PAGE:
I am amazed at how a majority of the people turn out for national elections, yet they seem to scoff at local elections. Tomorrow is Election Day in Wisconsin, and a few of us will turn out to vote for alderpersons and school district representatives. I’m sure I’ve said this before, but I always wonder why so many people do not turn out for local elections when it is local levels of government that affect our everyday lives more than national government. For example, when was the last time that the EPA’s ozone ban had a strong effect on anyone? Now when was the last time a school zone was enforced? I guess people do not realize the stakes that are involved when they decide whether to vote or not. I know that I’ll vote tomorrow, because I want my neighborhood to have the best possible representation for which I can possibly vote. I’m glad that I’ve been able to watch and read some news coverage on these local elections.

The sheer stupidity of animal rights’ activists

Peter Young was arrested for shoplifting and presenting false identification to police. He was also accused of releasing about 8,000 mink across three states in 1998 (that’s also theft). Now he sits in a Santa Clara jail awaiting trial. The jail has not been providing him with the meals that accommodate his vegan diet, and he refused to take a tuberculosis test because it contains animal products.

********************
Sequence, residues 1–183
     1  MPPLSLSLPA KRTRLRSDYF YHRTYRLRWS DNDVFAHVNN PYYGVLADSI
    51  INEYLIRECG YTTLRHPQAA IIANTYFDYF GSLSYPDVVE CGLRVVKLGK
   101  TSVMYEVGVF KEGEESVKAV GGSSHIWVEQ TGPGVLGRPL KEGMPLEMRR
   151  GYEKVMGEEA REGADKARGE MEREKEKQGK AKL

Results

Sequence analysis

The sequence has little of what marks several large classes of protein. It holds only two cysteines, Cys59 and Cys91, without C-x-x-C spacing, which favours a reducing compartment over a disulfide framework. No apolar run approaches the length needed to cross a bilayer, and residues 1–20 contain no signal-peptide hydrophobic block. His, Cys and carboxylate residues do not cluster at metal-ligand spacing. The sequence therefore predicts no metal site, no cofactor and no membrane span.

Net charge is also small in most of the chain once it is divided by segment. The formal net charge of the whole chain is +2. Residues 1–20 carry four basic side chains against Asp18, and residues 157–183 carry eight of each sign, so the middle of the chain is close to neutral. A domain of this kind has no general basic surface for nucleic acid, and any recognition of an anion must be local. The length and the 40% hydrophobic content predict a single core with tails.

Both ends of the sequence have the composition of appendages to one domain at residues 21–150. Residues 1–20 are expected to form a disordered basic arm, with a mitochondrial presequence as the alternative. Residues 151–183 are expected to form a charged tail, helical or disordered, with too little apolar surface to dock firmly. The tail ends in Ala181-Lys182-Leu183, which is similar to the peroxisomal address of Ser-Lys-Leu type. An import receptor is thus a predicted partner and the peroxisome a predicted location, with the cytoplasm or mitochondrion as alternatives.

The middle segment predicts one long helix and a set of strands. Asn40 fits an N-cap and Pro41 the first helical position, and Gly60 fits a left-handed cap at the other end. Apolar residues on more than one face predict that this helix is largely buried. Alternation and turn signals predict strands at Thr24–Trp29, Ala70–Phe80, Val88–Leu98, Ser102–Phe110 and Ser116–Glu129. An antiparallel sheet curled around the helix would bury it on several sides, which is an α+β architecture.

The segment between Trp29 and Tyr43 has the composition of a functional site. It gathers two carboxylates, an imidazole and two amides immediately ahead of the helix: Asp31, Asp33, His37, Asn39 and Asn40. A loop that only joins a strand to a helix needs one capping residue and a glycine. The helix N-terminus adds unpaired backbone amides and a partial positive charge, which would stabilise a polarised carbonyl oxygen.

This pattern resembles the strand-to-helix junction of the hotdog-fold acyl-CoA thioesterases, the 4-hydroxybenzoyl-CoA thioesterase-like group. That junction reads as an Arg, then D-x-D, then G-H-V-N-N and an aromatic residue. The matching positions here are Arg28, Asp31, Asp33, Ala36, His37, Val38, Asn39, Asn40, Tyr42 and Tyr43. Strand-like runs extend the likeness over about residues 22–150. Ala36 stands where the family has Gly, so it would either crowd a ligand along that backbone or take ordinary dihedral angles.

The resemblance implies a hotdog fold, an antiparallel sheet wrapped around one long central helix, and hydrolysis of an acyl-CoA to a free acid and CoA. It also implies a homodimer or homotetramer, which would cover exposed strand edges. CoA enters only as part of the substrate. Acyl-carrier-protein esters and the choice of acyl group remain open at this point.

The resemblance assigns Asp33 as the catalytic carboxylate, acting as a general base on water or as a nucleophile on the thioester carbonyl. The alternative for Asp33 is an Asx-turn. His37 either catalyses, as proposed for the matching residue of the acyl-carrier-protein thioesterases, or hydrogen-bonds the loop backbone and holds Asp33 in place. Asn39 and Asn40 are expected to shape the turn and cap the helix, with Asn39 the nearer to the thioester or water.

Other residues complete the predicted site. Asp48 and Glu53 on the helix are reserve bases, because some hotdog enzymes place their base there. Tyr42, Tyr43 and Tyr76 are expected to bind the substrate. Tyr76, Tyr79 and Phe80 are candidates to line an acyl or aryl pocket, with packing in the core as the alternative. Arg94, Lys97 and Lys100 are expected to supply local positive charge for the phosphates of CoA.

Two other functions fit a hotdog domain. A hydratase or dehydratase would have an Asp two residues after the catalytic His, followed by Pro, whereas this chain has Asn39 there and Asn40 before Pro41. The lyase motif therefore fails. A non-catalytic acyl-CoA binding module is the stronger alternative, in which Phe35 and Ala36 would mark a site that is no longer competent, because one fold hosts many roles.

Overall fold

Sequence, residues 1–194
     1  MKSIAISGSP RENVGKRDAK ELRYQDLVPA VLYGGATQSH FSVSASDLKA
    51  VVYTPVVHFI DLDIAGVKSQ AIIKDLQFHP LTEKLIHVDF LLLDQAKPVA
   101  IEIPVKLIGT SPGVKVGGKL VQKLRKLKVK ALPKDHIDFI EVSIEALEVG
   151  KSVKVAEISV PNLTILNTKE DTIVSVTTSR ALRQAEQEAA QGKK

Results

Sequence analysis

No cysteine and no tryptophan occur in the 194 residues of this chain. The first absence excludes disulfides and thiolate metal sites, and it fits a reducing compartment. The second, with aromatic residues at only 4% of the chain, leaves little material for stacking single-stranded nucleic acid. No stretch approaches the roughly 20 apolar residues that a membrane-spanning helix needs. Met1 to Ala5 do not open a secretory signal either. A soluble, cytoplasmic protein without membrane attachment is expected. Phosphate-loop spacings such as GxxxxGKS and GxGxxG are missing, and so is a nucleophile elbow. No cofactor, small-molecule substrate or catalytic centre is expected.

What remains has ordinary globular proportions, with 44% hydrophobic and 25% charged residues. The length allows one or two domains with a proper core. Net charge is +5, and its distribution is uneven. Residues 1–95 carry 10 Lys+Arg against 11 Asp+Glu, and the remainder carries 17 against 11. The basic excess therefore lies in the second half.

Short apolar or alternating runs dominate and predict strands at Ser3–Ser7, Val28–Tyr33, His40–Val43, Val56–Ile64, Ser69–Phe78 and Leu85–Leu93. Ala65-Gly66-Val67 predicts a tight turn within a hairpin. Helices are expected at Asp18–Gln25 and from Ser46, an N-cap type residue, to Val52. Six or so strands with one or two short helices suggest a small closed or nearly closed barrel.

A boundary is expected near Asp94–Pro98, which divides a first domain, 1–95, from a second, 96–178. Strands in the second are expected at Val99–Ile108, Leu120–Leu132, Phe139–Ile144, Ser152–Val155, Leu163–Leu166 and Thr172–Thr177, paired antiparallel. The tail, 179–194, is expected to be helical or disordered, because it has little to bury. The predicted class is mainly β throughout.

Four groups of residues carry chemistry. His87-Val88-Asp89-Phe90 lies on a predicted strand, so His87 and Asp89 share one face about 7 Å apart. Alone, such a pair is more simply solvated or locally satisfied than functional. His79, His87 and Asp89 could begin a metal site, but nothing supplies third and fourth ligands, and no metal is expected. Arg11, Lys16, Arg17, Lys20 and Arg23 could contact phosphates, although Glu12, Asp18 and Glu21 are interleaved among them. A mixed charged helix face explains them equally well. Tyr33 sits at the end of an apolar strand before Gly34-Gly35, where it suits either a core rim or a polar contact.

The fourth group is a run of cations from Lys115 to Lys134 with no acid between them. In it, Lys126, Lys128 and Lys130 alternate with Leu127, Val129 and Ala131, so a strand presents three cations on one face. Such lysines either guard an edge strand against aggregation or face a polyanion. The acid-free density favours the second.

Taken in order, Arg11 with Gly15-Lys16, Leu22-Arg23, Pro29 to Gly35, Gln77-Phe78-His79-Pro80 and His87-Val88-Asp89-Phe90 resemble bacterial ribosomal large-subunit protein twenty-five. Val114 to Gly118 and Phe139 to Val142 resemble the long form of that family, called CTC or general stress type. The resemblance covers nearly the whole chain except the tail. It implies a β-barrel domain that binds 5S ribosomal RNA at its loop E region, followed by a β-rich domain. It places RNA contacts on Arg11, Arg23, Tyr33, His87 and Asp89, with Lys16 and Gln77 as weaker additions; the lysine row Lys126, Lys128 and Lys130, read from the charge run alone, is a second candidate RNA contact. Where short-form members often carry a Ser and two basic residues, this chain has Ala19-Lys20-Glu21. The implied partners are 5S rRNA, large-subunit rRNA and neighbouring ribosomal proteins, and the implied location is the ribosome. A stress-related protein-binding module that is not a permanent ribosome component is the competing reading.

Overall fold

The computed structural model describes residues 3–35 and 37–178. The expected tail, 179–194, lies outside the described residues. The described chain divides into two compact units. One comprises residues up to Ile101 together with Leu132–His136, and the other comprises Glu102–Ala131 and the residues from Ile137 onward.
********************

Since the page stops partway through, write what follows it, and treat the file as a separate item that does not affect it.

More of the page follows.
Well, if this shrub thinks he’ll be some kind of martyr, let’s look at the reality of it all. First, animal rights’ activists don’t think things through; instead, they act on their emotions. By releasing domesticated mink into the wilderness, Young has created one of two potential problems for the ecosystem.

The ecosystem in Wisconsin is not designed to support mink. It’s likely that they will destroy the ecosystem, especially if they breed (and mink are known for breeding). On the other hand, since the mink released were domesticated, they are likely unable to defend themselves in the wild. Many will certainly die a more violent death at the hands of predators than a humane one they would have faced on a farm.

I’ll admit that I dislike the killing of animals for fur. It’s sad that we allow it to happen, and I certainly do not support such an act. But by pissing off others, animal rights’ activists continue to undermine their own credibility and show the rest of us just how stupid they really are.

Additionally, Mr. Young was arrested for committing a crime. He should be punished aptly, so I don’t have any sympathy for him. I will call the Santa Clara jail and tell them that they’re right. It’s not about ethics; it’s all about the stupidity of animal rights’ activists. For further research, please see the movie “28 Days Later.” It may be a bit extreme, but I think it sends the right message.

Journal-Sentinel article: Man wanted in mink farm attacks caught